Despite its clunkiness Human Highway is one of those films that is sprinkled with touches of humor, even though it focuses more on the harmful effects of radiation...much like in The China Syndrome.
Too many comparisons exist between Fail Safe and Dr. Strangelove, the ultra serious and the comical, both released in 1964, at the height of the cold war. Yet, the overlooked Human Highway is more than one of these post apocalyptic films. It was released in 1982 when a slew of serious themed films were distributed about the horrors of nuclear war and accidents, i.e., The China Syndrome, the highly hyped and overblown The Day After and the brilliant and ultimately forgotten, Threads. Yet Human Highway stands on its own as a satire and is clearly one of the most bizarre films ever made.
I have unfathomable respect for Neil Young as an artist, but his films have never received the proper distribution they deserve. I don't know anyone who has seen his autobiographical film Journey Through the Past (I do own the soundtrack album) and I doubt that any prints of the film even exist. Rust Never Sleeps is a brilliant, exquisitely filmed concert document, despite its clunky touches of odd humor, oversized stage props and bizarre road crew (dressed like the Jawas from Star Wars). But Human Highway is truly unique, for it's a total mess. I actually found a copy of it on videotape at a small record store in Ithaca, NY, where it had obviously been sitting for years with no takers. Upon purchasing this curio, I mentioned to the store's owner that I had been hearing about this for years and that I didn't know anyone who had seen it. He said he had ordered 20 copies of it about ten years ago and they just sat there, slowly disappearing off the shelves and that I had, in fact, obtained his final copy.
Once I plopped it into the VCR, I simply couldn't begin to understand what I was watching.and yes, I was sucked into it. First of all, it's quite beautifully filmed, with an abundance of rich colors not seen since the days of 1930's Technicolor. Neil also utilizes some amazing bits of rear projection and the sets have a stunning surreal quality to them very reminiscent of the 1954 musical Red Garters and Paul Schrader's Mishima. This was obviously a labor of love, and was clearly quite an expensive production. But it simply doesn't work, for the humor is quirky, dry and riddled with bizarre, undeveloped characters.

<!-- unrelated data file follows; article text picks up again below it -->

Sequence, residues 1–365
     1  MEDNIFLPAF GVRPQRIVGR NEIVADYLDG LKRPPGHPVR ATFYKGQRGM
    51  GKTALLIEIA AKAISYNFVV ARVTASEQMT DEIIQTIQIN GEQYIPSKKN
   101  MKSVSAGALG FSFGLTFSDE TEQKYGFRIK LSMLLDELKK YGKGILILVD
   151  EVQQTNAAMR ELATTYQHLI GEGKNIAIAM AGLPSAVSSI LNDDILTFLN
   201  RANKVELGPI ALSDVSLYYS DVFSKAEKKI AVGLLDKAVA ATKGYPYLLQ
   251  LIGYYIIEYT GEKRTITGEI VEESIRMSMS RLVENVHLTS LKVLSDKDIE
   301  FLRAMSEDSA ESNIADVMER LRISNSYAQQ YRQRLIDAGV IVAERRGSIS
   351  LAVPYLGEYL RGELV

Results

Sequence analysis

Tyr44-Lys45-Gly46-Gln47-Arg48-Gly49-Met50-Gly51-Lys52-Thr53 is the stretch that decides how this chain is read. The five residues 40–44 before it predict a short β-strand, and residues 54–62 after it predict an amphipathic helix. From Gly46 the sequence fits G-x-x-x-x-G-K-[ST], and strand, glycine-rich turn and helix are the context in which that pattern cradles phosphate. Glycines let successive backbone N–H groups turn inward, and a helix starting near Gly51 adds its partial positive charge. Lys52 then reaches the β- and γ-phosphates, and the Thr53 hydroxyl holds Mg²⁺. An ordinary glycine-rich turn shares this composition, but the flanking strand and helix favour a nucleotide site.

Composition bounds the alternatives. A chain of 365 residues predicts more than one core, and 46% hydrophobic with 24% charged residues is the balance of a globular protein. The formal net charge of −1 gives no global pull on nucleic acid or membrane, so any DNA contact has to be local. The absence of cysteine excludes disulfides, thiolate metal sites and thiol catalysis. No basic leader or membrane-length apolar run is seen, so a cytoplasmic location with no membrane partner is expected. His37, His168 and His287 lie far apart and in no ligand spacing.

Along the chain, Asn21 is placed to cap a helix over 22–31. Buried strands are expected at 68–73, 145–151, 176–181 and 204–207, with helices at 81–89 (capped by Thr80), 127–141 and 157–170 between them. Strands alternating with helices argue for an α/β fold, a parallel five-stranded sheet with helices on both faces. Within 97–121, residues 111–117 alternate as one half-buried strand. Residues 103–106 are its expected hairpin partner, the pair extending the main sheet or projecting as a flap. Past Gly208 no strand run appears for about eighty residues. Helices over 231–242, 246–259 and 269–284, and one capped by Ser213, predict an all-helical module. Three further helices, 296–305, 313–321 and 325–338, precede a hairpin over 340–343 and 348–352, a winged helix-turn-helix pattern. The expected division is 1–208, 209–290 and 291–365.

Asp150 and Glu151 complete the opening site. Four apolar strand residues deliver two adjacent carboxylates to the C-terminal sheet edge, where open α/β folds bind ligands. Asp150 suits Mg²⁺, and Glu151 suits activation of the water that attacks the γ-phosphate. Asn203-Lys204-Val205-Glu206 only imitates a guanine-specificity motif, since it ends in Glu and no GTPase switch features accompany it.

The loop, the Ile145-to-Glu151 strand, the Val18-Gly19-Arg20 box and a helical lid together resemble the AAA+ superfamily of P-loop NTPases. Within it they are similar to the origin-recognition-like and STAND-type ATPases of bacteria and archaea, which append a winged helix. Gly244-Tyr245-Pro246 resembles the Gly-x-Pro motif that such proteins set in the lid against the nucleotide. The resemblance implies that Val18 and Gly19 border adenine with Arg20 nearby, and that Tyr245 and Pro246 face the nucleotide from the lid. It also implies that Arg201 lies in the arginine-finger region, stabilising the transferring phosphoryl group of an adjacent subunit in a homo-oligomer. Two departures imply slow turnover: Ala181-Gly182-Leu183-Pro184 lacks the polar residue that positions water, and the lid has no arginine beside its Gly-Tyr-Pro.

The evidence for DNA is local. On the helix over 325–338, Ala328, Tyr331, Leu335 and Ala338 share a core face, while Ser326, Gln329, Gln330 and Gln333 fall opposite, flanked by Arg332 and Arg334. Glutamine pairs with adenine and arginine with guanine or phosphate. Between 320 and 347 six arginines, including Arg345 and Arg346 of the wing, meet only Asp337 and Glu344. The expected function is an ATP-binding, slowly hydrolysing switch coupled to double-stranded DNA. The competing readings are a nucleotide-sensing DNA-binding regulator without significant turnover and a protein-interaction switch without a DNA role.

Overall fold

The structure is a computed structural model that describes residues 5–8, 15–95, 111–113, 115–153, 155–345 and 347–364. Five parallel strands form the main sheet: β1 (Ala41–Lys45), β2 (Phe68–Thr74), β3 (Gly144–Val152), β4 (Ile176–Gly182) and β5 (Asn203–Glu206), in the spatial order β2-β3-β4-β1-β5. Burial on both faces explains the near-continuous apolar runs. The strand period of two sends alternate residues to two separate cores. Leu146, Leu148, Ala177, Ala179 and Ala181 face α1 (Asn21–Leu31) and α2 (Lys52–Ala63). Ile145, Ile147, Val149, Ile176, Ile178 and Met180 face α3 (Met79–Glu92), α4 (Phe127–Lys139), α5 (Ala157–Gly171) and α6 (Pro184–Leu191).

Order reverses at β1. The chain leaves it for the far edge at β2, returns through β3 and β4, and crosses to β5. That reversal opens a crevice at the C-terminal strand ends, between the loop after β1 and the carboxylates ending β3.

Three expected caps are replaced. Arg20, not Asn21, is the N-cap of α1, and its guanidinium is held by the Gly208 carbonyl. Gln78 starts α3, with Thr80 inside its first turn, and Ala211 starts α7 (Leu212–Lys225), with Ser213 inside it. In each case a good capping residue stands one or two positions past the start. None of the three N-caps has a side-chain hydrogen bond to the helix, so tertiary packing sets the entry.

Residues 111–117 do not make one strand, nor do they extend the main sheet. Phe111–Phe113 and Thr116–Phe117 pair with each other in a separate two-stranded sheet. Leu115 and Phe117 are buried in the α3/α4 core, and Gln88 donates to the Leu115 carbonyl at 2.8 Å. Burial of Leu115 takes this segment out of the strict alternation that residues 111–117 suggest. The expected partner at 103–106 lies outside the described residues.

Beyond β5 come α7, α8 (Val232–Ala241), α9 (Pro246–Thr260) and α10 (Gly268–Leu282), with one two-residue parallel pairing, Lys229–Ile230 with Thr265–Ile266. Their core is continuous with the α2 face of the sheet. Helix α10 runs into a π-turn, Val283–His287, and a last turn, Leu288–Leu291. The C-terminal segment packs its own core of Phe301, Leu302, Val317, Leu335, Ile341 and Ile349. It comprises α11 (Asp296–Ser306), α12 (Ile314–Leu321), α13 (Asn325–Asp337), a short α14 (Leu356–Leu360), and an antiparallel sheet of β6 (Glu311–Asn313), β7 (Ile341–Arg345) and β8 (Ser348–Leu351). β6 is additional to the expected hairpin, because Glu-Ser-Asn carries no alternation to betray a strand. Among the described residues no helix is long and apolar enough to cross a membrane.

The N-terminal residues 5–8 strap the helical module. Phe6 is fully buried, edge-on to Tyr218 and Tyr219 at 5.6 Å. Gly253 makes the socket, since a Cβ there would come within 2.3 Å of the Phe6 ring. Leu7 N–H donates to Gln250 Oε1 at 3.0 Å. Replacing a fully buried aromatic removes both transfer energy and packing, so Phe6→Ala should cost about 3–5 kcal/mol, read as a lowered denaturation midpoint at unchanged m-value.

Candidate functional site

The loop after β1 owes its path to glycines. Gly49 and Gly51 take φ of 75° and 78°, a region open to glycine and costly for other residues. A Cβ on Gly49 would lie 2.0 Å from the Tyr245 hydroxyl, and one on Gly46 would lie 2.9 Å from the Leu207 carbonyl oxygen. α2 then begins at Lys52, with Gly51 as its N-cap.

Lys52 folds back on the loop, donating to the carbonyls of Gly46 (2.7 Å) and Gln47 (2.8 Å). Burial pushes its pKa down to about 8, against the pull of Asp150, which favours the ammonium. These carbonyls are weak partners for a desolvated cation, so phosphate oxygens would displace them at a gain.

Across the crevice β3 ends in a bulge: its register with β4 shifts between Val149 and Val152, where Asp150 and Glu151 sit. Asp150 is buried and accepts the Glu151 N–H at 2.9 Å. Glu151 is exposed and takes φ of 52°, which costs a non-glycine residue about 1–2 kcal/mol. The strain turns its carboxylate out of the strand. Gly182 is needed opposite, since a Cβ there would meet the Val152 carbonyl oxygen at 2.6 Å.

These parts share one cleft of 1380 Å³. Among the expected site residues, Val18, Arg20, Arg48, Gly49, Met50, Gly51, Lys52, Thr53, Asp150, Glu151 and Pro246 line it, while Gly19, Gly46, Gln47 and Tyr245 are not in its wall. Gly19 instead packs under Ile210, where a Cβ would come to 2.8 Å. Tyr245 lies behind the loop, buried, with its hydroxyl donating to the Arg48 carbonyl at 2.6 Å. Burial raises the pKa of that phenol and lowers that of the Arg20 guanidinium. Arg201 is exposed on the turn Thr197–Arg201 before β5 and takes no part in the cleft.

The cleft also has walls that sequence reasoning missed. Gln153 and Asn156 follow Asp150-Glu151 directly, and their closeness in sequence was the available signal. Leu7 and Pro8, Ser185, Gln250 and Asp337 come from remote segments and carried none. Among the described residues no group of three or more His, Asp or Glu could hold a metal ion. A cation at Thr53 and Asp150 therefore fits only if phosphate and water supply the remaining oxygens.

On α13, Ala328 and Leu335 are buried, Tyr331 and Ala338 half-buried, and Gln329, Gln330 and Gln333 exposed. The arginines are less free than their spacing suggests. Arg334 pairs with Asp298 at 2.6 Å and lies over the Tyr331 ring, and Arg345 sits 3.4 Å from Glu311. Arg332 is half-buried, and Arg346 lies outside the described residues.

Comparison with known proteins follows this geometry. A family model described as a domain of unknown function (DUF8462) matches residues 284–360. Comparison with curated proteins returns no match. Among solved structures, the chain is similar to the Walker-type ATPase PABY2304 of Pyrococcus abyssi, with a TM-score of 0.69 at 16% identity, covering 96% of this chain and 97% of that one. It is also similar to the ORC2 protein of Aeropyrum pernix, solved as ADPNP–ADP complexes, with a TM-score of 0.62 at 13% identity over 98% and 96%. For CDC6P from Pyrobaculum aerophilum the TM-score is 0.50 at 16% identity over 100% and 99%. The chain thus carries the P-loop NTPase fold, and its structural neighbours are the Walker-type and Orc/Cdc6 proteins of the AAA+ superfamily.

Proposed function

Not much goes on in the story line. The Rock Group Devo portray employees at a nuclear power plant in a desolate town, who have been so exposed by the radiation that they glow bright red. This trail of radiation follows them as they dump barrels of waste, while gleefully immersed in song. A nearby rest stop owner (Dean Stockwell) wants to cut costs on running his establishment and finally decides to burn the place down for the insurance money. Dennis Hopper plays the drug-addled chef at the rest stop, complementing a mish-mash of odd characters. Neil Young and Russ Tamblyn play incompetent mechanics at the establishment. Neil is obsessed with a Sinatraesque crooner (also played by Young), who is giving a nearby concert and can barely hide his excitement when the crooner unexpectedly shows up at the station in his limo for an oil change. While working on the limo, Neil gets conked on the head and is rendered unconscious. It is at this point where Human Highway comes to life and blends elements of the surreal and incoherent. Neil's character imagines himself a folk music star, touring the desert in a bus with his motley crew of friends. It is also here where Neil decided to utilize state of the art video techniques and incorporated them to the film's warped imagery, while snippets of classic Young songs are heard on the soundtrack. Bodies of water have a candy colored effect, appearing as if the films' emulsion were completely stripped away and filled with streaks of bright color. It's very hard to determine what is actually taking place in the story line, but one can guess that it is all a series of in-jokes known only to the cast and crew.
The dream like quality of the images and music are stunning and it almost makes one forget the action prior to this sequence. Almost immediately the serene tone of this sequence is interrupted by a warped version of "Hey Hey, My My" performed by Neil with the rock group Devo. However it's not Neil who sings his classic anthem, but Mark Mothersbaugh in his alter ego of Booji- Boy (basically an oversized mask of mongoloid child's face) in a fractured voice. This sequence is somewhat interminable, due to the aimlessness of the noise. However, it is the most fascinating sequence in the film, for I'm sure that those who actually got a chance to see the film wished the whole thing was like this: more noise, feedback and rock and roll. In the end it symbolizes Neil's character coming out of his dream of being a rock star, and when he does the viewer is left with the thin, mundane plot.
To make matters more confusing, or even worse, there is an endless musical production number at the end of the film, in which all the characters dance with shovels. It makes me wonder if the cut pie fight at the end of Dr. Strangelove would have been worth it? Initially the shock of seeing all these counter culture actors bouncing around with shovels is amusing, but it wears out its welcome. Even though it doesn't work, it is a great piece of inspired lunacy and in some ways makes up for the rest of the plodding film.
I guess Neil scrapped plans to make Human Highway 2, as announced at the end of the film. But with Neil, you never know.
Review by faloopnik2 from the Internet Movie Database.